Singer-songwriter Quinn Sullivan takes mountain stage this weekend
The Steamboat Mountain Music Series presented by Bud Light continues this Sunday as 22-year-old Quinn Sullivan takes the stage on the Torian Plum lawn.
Sullivan, who began his professional career at just 11 years old, is promoting his latest album, “Wide Awake,” which he describes as a crossroads of genres like pop, soul, blues and rock.
Explore Steamboat caught up with the Massachusetts native and asked a few questions ahead of his show this weekend.
What: Steamboat Mountain Music Series presented by Bud Light: Quinn Sullivan
When: 4-6 p.m. Sunday
Where: Torian Plum lawn, 1865 Ski Time Square Drive
Explore Steamboat: To start with, let’s go back a few years. I read that you have been touring since you were 11 years old. What was that like?
QS: It was incredible. Being able to be on the road at that age and be exposed to audiences at a young age gave me the great fan base that I have now. I first got into music from my parents — they were huge music lovers. We were always listening to music in the house. I naturally gravitated towards the guitar, and I loved watching people play live. When I was 3, they got me my first acoustic guitar, and I played it all the time. I started taking lessons when I was 5, and I would bring in songs that I wanted the teacher to help me learn how to play. I was just always playing.
Participate in The Longevity Project
The Longevity Project is an annual campaign to help educate readers about what it takes to live a long, fulfilling life in our valley. This year Kevin shares his story of hope and celebration of life with his presentation Cracked, Not Broken as we explore the critical and relevant topic of mental health.
ES: I’m sure your style has evolved quite a lot in the past decade — how would you describe it currently?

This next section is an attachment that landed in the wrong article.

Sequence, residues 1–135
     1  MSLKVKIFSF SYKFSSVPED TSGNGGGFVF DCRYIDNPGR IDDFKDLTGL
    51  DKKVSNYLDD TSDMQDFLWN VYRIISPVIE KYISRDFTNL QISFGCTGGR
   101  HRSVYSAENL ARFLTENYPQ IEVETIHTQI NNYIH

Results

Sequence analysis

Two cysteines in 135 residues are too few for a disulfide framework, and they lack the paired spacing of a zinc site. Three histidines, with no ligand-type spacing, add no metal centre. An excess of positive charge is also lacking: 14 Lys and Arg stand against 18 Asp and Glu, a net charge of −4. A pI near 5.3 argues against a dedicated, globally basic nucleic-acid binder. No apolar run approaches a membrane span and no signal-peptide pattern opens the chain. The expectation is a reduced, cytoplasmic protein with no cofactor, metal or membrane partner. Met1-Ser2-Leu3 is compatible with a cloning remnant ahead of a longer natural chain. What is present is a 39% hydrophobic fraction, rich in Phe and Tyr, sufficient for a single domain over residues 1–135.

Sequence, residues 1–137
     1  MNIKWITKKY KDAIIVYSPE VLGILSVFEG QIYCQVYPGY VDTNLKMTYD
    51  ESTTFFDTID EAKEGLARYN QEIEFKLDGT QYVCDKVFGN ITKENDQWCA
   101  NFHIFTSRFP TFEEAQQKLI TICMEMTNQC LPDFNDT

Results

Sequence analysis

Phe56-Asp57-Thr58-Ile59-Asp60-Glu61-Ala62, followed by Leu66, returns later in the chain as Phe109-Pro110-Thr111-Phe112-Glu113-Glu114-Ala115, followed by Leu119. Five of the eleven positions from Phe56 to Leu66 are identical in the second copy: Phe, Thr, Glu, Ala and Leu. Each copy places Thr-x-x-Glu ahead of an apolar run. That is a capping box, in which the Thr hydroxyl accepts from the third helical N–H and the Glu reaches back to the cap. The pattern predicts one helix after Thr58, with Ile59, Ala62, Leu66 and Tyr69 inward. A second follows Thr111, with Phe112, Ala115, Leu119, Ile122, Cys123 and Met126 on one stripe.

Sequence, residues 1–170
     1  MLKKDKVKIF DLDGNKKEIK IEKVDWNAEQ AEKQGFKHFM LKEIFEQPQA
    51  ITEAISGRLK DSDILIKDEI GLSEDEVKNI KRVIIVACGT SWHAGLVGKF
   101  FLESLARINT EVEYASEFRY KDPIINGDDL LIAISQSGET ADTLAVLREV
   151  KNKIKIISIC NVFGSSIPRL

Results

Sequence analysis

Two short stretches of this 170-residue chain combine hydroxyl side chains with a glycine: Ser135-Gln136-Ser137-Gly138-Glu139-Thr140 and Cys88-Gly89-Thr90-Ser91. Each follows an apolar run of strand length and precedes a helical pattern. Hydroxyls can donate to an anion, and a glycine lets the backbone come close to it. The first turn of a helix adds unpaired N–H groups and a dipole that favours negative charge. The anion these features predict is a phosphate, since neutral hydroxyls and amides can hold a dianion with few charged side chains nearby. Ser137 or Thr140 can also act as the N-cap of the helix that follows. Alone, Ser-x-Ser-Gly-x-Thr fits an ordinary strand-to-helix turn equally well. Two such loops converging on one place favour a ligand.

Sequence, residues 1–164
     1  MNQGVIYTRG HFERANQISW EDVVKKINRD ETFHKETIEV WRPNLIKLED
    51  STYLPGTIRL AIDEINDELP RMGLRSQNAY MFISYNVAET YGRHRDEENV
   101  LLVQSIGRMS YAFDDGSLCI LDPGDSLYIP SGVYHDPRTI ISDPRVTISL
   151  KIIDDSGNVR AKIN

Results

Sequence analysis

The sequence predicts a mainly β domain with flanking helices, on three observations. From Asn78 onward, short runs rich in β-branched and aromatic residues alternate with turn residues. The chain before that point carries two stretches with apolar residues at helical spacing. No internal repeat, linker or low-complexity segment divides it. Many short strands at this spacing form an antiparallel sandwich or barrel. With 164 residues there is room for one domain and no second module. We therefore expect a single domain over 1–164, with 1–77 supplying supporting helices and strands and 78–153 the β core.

QS: It’s a mixture of different things. I love all kinds of music. My new album has an element of pop, but I wouldn’t say that I’m a pop artist. I would say a cross between blues, soul, pop and rock. If you could put all those things together, that’s how I would describe it. The more I do this, the more I understand what I want to be. … I want to write great songs and cross genres and be almost like a chameleon and explore different avenues. I never want to be pigeon-holed into one specific thing.
ES: You have a new album out — tell us a little bit about that and what some of your influences were.
QS: It’s called “Wide Awake,” and it came out this summer. My influences were various people. I always go back to classic rock because that’s what I grew up listening to: Santana, Eric Clapton, The Beatles. … As I’ve gotten older, I’ve been able to be exposed to even more. Now, I’m a huge fan of Prince and Stevie Wonder and a lot of soul artists. I thought about how I could make an album that has a lot of these influences in it but still sounds like me, not someone else. It turned out to be the album that I’m most proud of.
ES: What musicians do you look up to?
QS: I’ve gotten to be friends with certain people and gotten to know some of the people who I’ve long admired. Carlos Santana is one of them — I’ve played with him a few times. John Mayer and Ed Sheeran are more contemporary, and I like their styles. I admire artists who have it all — writing skills, great career paths, guitar skills — those are the people whose footsteps I want to follow in.
ES: As a relatively young artist, what do you see yourself or your style developing into in the future?
QS: I think no one can tell the future of what I’m going to be doing. I try to stay in the moment as much as I can, but I think my music will evolve. My goal is to never stop learning and always keep that desire to learn. Stylistically, it will be whatever I’m feeling at the moment. For me, it’s about always staying inspired and being honest.
Sophie Dingle is a contributing writer for the Steamboat Pilot & Today. She can be reached through the editor.
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